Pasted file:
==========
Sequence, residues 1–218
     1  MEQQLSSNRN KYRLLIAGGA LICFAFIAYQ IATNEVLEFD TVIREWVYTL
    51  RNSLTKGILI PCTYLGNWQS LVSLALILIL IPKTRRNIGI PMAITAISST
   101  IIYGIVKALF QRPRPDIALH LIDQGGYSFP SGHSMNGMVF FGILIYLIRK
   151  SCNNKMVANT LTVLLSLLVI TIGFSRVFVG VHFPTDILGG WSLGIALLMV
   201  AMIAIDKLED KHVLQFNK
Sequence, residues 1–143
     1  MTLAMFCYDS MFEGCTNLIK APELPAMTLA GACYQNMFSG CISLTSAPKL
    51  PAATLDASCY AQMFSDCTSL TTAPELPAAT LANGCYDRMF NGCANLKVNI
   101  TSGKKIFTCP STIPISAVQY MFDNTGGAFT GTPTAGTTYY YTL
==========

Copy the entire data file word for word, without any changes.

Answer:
Sequence, residues 1–218
     1  MEQQLSSNRN KYRLLIAGGA LICFAFIAYQ IATNEVLEFD TVIREWVYTL
    51  RNSLTKGILI PCTYLGNWQS LVSLALILIL IPKTRRNIGI PMAITAISST
   101  IIYGIVKALF QRPRPDIALH LIDQGGYSFP SGHSMNGMVF FGILIYLIRK
   151  SCNNKMVANT LTVLLSLLVI TIGFSRVFVG VHFPTDILGG WSLGIALLMV
   201  AMIAIDKLED KHVLQFNK
Sequence, residues 1–143
     1  MTLAMFCYDS MFEGCTNLIK APELPAMTLA GACYQNMFSG CISLTSAPKL
    51  PAATLDASCY AQMFSDCTSL TTAPELPAAT LANGCYDRMF NGCANLKVNI
   101  TSGKKIFTCP STIPISAVQY MFDNTGGAFT GTPTAGTTYY YTL